South Carolina Latest State to Move to Ratify Equal Rights Amendment With Bipartisan Effort

South Carolina could be the 38th state to ratify the Equal Rights Amendment (ERA), entering a guarantee of equal rights for women into the U.S. Constitution almost 100 years after its introduction.

First introduced by Alice Paul in 1923, and originally passed by Congress in 1972, only 37 states ratified the ERA, missing the needed number of states by only one. Although an extended deadline for the state-by-state process of ratification of the amendment expired in 1983, the House Judiciary Committee voted in favor of a resolution in November to remove any deadlines for the ERA.

"With ongoing efforts by the federal and state governments to undermine equality under the law based on sex, it is clear that an Equal Rights Amendment is more important than ever," said House Judiciary Chairman Jerrold Nadler in a November statement. "The resolution passed out of the Committee today will eliminate the deadline for ratifying the ERA, bringing our country closer to truly fulfilling our values of inclusion and equal opportunity for all people."

"We know that in the year 2019, it is unacceptable that women still are not paid equal wages for equal work," stated Chairman of the Subcommittee on Constitution, Civil Rights and Civil Liberties Steve Cohen. "We know that when women are treated with equal dignity and respect in the workplace, in the home, by our institutions of government, and in our society at large, all of the American people stand to benefit. And we know that a simple but fundamental guarantee of equality should be welcomed rather than feared."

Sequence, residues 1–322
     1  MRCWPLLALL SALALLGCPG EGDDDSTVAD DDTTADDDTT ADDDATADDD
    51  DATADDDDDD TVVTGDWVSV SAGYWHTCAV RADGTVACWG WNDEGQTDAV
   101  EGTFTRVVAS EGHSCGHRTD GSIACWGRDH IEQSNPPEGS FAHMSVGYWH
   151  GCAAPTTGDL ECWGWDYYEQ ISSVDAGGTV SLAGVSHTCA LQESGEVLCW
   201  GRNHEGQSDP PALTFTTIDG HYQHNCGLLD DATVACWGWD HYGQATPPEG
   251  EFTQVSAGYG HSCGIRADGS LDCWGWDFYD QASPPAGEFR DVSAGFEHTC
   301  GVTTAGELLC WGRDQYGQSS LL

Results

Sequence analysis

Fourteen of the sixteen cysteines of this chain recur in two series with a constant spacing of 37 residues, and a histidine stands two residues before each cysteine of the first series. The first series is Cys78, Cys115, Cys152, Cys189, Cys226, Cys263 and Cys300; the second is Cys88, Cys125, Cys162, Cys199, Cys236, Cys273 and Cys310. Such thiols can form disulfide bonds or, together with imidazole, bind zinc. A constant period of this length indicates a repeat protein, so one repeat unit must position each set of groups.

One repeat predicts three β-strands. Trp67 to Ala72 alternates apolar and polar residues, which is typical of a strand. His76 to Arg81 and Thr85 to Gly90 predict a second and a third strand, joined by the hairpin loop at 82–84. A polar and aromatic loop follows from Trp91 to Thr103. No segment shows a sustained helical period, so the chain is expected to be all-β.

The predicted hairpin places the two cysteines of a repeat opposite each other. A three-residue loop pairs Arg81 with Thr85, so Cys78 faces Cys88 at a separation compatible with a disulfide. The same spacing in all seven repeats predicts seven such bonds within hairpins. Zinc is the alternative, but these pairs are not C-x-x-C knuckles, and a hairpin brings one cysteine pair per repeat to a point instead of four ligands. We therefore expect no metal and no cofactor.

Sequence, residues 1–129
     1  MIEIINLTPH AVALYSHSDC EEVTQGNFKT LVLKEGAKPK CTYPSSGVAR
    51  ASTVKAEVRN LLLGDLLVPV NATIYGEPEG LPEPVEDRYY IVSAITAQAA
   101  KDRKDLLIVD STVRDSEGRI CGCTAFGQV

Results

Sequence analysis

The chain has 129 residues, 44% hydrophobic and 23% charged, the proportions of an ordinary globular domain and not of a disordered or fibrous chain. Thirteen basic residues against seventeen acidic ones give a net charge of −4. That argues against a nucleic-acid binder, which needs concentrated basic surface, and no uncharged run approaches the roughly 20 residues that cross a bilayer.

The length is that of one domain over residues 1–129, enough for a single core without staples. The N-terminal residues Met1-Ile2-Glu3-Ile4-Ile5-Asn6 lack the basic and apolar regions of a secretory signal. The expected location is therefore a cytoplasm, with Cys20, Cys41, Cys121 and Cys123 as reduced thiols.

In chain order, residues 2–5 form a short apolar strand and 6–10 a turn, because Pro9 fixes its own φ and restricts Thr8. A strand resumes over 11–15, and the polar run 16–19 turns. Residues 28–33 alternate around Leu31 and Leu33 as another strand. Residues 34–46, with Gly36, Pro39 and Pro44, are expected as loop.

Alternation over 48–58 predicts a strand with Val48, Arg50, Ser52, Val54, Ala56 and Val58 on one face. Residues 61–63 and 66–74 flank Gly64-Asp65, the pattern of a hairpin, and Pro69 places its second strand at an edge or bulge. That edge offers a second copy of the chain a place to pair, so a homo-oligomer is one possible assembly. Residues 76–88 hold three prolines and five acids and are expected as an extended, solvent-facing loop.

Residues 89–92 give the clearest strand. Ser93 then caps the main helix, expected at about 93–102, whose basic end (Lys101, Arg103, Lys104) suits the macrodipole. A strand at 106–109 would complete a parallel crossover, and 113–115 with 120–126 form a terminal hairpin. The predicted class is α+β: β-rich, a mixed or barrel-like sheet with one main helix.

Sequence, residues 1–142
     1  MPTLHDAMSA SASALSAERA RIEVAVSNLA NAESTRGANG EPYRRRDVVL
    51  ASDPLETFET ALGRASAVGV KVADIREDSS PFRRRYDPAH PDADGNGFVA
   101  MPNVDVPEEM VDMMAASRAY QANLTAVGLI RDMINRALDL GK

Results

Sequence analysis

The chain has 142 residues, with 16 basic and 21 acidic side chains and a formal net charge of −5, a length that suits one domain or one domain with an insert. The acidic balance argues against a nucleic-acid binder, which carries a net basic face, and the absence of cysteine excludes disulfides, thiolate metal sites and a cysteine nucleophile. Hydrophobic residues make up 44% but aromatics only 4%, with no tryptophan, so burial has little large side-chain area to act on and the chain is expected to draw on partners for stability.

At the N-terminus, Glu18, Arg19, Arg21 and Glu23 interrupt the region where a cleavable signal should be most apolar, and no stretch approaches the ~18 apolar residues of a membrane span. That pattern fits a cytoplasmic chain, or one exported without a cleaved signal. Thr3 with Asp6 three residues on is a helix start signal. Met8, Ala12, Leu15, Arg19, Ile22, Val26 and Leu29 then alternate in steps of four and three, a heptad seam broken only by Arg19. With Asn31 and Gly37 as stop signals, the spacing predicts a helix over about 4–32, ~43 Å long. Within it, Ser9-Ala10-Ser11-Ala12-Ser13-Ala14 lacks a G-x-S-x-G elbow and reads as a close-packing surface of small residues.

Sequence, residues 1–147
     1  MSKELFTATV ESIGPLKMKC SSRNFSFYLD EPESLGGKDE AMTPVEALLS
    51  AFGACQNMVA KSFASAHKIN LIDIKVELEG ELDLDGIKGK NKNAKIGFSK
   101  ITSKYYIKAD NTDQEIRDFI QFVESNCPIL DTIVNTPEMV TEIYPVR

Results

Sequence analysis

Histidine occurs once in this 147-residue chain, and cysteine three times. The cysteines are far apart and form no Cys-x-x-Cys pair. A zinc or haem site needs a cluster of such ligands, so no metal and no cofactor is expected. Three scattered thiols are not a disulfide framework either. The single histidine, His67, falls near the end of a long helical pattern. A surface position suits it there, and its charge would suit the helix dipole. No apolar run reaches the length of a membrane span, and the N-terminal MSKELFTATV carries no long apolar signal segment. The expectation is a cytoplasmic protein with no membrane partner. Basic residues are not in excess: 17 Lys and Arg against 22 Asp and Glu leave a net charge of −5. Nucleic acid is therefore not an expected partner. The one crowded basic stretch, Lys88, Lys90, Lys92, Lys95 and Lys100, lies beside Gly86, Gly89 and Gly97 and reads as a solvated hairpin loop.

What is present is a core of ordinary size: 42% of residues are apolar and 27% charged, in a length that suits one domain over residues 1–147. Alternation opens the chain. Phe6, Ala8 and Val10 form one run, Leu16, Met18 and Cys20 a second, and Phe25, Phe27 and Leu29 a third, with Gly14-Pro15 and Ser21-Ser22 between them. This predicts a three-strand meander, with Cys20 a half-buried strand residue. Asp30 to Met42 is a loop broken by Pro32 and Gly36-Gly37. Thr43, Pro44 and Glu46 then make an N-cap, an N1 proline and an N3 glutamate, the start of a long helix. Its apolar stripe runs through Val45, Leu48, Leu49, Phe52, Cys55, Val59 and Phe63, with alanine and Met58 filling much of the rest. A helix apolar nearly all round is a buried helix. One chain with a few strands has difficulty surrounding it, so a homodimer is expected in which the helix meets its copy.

In January, South Carolina Democratic Representative Gilda Cobb-Hunter introduced an ERA ratification resolution to her state government.

"The effect it would have is simply saying to the women of South Carolina you are no longer second class citizens," Cobb-Hunter told reporters at a press conference today.

Newsweek reached out to Cobb-Hunter for further comment but did not receive a response in time for publication.

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APRIL 30: U.S. House Judiciary Committee Chairman Rep. Jerrold Nadler speaks as Rep. Jackie Speier listens during a news conference on women’s rights April 30, 2019 on Capitol Hill in Washington, DC. Alex Wong/Getty

Republican Senator Tom Davis also voiced his support for the ERA at the press conference. In a tweet, Davis said his "GOP colleagues should follow lead of Eisenhower, Reagan, Nixon, Ford, Thurmond and many others & RATIFY!"

Virginia is also in the running to ratify the ERA since Democrats took control of the state legislature after the last election.

"Virginia has been on the wrong side of history so many times that for us to be the state to put the ERA over the top, and in the year we're celebrating one hundred years of women getting the vote would just be poetic justice, and I'm excited to be part of that," said Virginia Senator Jennifer McClellan to PBS NewsHour.

While some proponents of the ERA look forward to equal rights between the sexes being part of the constitution, conservative opponents of the amendment believe it would bad for the country.

"ERA would overturn countless state laws and demand that the federal government enforce complete sex neutrality in all aspects, including family law, criminal law, education, and insurance rates," said a press release from Eagle Forum, a group founded by Phyllis Schlafly, who opposed the ERA during the 1970s. "States would lose much of their power and authority, and our federalist system of government would become virtually meaningless under ERA."

Chairman of Eagle Forum Anne Schlafly Cori told PBS NewsHour, "I think there are a lot of people in favor of abortion that are worried the Supreme Court will chip away at Roe v. Wade and are pushing for the ERA to ensure abortion rights in the Constitution. In fact, I call the ERA the 'Everything Related to Abortion Act.'"

South Carolina Latest State to Move to Ratify Equal Rights Amendment With Bipartisan Effort | Politics